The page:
9 of 10 people found the following review helpful
5.0 out of 5 stars My favourite book!
This is my ultimate favourite book of all time. It was the first Hardy book I read and I absolutely loved his style of writing and his presentation of all the main characters. It is so finely written, and you can picture everything with Hardy's in-depth descriptions. The book was written in the latter half of the 19th century, but is still incredibly accessible. The...
Published 21 months ago by Becci
3 of 11 people found the following review helpful
2.0 out of 5 stars We wanted to make a video review but this will have to do!
When we first opened the pages of this Thomas Hardy claasic, we immediately thought it was not a read for us. It was impossible to adjust our minds, so used to books such as Harry Potter, Lord of the Rings and The Cat in the Hat, to something so long before our time. Barely halfway through, we were still unimpressed by the way it was written. While we could see how it...
Published on 4 Nov 2011 by LoveToArgue202
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9 of 10 people found the following review helpful
5.0 out of 5 stars My favourite book!,
This is my ultimate favourite book of all time. It was the first Hardy book I read and I absolutely loved his style of writing and his presentation of all the main characters. It is so finely written, and you can picture everything with Hardy's in-depth descriptions. The book was written in the latter half of the 19th century, but is still incredibly accessible. The emotions Hardy deals with and the way the characters interact is fantastic. All in all, the author's writing skills coupled with a very busy yet easy to follow story line make this novel truly brilliant and timeless.
6 of 7 people found the following review helpful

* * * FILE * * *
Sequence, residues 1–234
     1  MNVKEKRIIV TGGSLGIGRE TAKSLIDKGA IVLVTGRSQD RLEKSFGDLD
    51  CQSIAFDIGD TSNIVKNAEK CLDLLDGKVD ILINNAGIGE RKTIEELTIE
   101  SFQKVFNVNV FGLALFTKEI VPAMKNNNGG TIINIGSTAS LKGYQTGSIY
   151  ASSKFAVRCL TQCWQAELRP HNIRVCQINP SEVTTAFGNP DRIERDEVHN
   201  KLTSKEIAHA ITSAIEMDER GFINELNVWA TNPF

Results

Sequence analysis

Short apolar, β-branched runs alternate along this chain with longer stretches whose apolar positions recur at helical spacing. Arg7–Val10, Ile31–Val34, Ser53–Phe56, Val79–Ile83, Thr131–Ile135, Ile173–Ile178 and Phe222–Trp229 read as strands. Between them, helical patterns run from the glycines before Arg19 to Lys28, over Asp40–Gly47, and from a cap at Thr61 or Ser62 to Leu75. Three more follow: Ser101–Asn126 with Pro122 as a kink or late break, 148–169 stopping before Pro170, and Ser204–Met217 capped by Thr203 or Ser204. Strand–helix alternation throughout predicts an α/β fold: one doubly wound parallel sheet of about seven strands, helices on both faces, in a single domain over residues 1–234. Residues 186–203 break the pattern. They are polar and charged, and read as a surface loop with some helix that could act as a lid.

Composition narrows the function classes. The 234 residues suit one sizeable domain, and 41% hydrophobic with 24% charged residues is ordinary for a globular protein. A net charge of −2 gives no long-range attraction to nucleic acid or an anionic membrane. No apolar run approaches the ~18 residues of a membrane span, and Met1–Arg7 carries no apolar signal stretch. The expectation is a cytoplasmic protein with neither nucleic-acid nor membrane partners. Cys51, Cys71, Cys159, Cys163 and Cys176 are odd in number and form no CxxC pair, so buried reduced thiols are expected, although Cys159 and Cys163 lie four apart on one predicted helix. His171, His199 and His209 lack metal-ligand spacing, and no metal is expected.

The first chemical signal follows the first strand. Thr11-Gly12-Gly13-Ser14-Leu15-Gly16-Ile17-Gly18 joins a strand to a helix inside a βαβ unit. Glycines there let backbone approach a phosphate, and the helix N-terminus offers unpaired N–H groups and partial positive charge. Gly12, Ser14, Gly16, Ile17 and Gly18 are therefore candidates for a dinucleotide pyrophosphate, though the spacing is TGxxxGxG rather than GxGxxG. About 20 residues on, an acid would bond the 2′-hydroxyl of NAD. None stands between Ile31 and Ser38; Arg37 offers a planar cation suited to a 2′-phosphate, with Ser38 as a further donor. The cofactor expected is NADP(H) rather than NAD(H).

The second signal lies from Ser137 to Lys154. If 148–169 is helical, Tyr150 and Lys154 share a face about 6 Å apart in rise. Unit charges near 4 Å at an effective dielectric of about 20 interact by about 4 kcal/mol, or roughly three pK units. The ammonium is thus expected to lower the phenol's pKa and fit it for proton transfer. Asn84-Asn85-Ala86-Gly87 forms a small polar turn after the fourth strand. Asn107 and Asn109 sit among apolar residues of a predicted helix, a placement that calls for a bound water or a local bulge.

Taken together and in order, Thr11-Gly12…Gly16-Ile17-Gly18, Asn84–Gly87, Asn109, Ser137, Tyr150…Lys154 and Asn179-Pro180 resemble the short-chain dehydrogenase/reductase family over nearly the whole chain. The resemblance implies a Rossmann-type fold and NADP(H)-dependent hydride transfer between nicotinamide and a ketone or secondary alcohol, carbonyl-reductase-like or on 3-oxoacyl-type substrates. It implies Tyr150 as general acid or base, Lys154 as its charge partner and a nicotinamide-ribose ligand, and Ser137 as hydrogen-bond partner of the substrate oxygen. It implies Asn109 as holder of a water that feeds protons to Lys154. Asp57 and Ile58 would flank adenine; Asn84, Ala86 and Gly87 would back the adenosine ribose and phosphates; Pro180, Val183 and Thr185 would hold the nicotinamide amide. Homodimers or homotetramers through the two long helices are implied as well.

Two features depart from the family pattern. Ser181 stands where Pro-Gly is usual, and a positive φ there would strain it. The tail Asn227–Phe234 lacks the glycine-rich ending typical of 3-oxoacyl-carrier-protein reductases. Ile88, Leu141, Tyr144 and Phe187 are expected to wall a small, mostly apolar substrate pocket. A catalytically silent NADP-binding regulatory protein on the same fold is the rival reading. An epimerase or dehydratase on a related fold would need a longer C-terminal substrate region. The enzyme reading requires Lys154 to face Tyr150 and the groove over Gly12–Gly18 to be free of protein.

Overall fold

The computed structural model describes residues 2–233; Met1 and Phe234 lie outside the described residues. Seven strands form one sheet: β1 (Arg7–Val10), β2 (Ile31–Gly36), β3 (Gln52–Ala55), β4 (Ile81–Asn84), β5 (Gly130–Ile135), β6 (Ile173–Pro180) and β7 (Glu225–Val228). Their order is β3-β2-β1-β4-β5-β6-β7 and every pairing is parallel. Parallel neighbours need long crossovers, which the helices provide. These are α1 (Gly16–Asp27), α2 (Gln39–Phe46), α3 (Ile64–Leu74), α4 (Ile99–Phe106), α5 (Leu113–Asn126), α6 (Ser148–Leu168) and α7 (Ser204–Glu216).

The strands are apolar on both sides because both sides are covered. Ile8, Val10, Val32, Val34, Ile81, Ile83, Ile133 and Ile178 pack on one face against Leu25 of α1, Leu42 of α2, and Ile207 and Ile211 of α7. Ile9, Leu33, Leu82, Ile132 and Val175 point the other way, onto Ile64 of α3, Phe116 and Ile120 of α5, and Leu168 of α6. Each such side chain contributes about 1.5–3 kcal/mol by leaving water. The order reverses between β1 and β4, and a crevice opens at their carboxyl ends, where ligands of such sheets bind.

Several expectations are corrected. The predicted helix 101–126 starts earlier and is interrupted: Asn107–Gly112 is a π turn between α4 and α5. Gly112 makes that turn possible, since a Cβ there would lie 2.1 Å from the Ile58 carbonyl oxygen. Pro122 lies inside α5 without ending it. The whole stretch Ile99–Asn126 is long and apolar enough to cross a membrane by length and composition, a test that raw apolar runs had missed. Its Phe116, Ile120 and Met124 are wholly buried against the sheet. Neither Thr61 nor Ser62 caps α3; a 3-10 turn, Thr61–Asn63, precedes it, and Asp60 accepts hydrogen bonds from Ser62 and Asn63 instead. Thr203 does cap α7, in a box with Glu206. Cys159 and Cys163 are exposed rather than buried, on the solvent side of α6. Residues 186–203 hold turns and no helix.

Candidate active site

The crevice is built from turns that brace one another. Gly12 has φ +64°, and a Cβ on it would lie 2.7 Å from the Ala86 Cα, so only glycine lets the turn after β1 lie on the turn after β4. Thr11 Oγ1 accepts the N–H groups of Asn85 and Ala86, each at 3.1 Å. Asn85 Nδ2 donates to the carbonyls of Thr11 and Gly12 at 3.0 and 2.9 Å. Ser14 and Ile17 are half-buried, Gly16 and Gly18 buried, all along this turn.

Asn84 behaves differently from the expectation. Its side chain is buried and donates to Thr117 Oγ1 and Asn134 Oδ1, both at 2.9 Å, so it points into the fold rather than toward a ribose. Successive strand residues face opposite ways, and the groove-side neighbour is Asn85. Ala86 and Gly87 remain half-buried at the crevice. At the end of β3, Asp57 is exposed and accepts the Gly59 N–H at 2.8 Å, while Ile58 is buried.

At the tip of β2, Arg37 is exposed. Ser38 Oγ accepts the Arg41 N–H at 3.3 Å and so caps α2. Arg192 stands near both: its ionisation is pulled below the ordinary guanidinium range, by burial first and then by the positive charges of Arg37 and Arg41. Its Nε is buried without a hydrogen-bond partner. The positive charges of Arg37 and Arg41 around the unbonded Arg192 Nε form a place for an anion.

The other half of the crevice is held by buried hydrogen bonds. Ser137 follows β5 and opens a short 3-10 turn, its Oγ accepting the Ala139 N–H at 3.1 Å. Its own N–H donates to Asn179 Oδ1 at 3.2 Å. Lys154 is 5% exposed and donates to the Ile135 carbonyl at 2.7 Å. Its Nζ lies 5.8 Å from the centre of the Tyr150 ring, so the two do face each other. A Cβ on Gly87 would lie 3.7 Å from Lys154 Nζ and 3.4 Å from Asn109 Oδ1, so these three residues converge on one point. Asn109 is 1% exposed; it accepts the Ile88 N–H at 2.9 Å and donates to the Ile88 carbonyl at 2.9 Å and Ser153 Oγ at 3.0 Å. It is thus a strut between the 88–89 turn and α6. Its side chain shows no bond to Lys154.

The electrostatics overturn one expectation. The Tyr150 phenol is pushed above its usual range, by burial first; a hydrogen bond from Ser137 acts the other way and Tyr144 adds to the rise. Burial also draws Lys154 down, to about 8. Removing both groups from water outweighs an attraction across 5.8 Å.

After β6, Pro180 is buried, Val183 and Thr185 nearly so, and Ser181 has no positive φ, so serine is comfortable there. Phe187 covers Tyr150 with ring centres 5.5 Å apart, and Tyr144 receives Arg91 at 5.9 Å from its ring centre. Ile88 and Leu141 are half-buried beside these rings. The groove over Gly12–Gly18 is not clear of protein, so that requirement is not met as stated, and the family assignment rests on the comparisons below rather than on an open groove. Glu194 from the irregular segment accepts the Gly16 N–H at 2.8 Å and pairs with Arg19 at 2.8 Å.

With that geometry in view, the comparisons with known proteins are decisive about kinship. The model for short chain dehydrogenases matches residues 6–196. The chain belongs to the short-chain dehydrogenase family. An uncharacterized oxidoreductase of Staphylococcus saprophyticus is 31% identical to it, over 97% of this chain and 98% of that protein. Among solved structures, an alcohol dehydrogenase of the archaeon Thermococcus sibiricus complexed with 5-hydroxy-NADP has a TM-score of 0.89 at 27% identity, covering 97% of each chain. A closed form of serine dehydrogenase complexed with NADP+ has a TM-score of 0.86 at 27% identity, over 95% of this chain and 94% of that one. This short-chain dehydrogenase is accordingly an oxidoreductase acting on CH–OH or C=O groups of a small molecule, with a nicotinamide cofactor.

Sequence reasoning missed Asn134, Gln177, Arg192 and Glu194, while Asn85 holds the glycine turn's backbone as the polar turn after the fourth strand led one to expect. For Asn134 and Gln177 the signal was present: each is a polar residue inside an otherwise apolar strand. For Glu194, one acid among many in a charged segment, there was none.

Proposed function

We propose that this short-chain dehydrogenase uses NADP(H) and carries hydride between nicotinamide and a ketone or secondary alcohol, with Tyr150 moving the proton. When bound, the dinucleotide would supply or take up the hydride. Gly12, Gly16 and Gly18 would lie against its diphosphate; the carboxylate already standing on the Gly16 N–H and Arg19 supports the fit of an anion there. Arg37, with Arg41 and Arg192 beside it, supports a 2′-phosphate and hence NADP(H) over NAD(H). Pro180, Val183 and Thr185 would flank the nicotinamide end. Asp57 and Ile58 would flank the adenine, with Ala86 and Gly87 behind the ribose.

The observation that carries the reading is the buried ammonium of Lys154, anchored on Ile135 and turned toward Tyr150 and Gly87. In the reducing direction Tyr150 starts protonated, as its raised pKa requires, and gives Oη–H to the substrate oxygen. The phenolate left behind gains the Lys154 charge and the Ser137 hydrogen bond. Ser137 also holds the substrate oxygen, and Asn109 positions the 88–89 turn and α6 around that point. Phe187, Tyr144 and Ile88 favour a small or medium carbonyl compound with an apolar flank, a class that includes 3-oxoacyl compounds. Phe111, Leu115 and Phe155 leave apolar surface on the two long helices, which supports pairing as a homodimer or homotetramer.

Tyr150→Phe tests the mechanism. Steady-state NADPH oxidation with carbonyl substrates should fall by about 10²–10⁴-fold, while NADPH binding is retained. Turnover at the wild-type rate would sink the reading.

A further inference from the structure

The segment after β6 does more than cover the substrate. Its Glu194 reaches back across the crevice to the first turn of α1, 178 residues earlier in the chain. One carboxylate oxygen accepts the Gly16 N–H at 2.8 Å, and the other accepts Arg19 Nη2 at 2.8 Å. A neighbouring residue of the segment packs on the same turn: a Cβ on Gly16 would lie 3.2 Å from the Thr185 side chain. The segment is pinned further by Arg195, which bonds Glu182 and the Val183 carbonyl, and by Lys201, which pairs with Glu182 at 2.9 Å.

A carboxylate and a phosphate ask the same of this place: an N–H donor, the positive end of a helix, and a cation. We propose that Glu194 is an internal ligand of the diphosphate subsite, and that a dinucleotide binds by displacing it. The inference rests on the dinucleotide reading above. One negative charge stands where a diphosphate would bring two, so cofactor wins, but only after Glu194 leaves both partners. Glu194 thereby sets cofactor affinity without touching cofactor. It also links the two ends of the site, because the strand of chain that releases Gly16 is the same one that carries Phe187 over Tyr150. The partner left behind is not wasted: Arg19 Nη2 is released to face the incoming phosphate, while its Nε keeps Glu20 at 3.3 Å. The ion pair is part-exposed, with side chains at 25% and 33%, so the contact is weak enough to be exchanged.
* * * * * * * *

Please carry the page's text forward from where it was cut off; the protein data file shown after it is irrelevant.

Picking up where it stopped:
5.0 out of 5 stars Deeply Moving,
I have developed such an attactment to this book that I find it difficult to put into words just how precious it is. All I can say is, if you have a heart perhaps you'll love it to.
1 of 1 people found the following review helpful
5.0 out of 5 stars Nope,
I gave five stars because it's what I asked for: a book I needed to study for English at a cheap price. The novel itself I really didn't enjoy and it was a chore to get through; I would have to isolate myself from all things entertaining in order to force myself to read it. I could literally get distracted by my finger nails it was so incredibly dull. Hardy seems to have the same issues of distraction as he manages to describe everything and anything to do with nature for pages and pages, rather than actually get to the point and tell the story. But I can at least kinda/oughta appreciate the intelligent way in which he can describe things, but he may as well have described the texture of cat food for all I care. Yes, sheep are so fascinating, thank you for the three page reminder. The story only gets interesting when you reach the last 30 pages, but the events are so incredibly ridiculous, and part of the reason I'm using this book for my essay on 'love is a kind of madness', and also because I hate myself. If you want to be driven rather mad in spite of the title, go right ahead and buy this book, you maniac. I'm going to sit right here and stare at squirrels for a while, as my essay slowly shrivels and dies at the pain I have inflicted upon it. God I hate this book.
4 of 5 people found the following review helpful
5.0 out of 5 stars Far From the Madding Crowd,
This book is wonderful. I don't think anyone writes more beautifully than Hardy, and this particularly descriptive and pastoral novel is so well written, and the language is so elegant. Even if there were no story lines at all in any of Hardy's books, I think they would still be awesome, since the writing is just fantastic. Though there are story lines of course, and though (in my taste) not matching the quality and depth of actual writing, there book is altogether alluring and incredible. Everybody should read it.
5.0 out of 5 stars Dorset filiming,
I sent this book to my daughter who lives in Mapperton where parts of the new film were being screened - she loved the story and understood what was going on in her village regarding the film.
4.0 out of 5 stars A classic at an affordable price,
Maybe not the highest production values in terms of paper/print quality but absolutely more than good enough unless you plan on saving it and re-reading it 100 times over in as many years :-)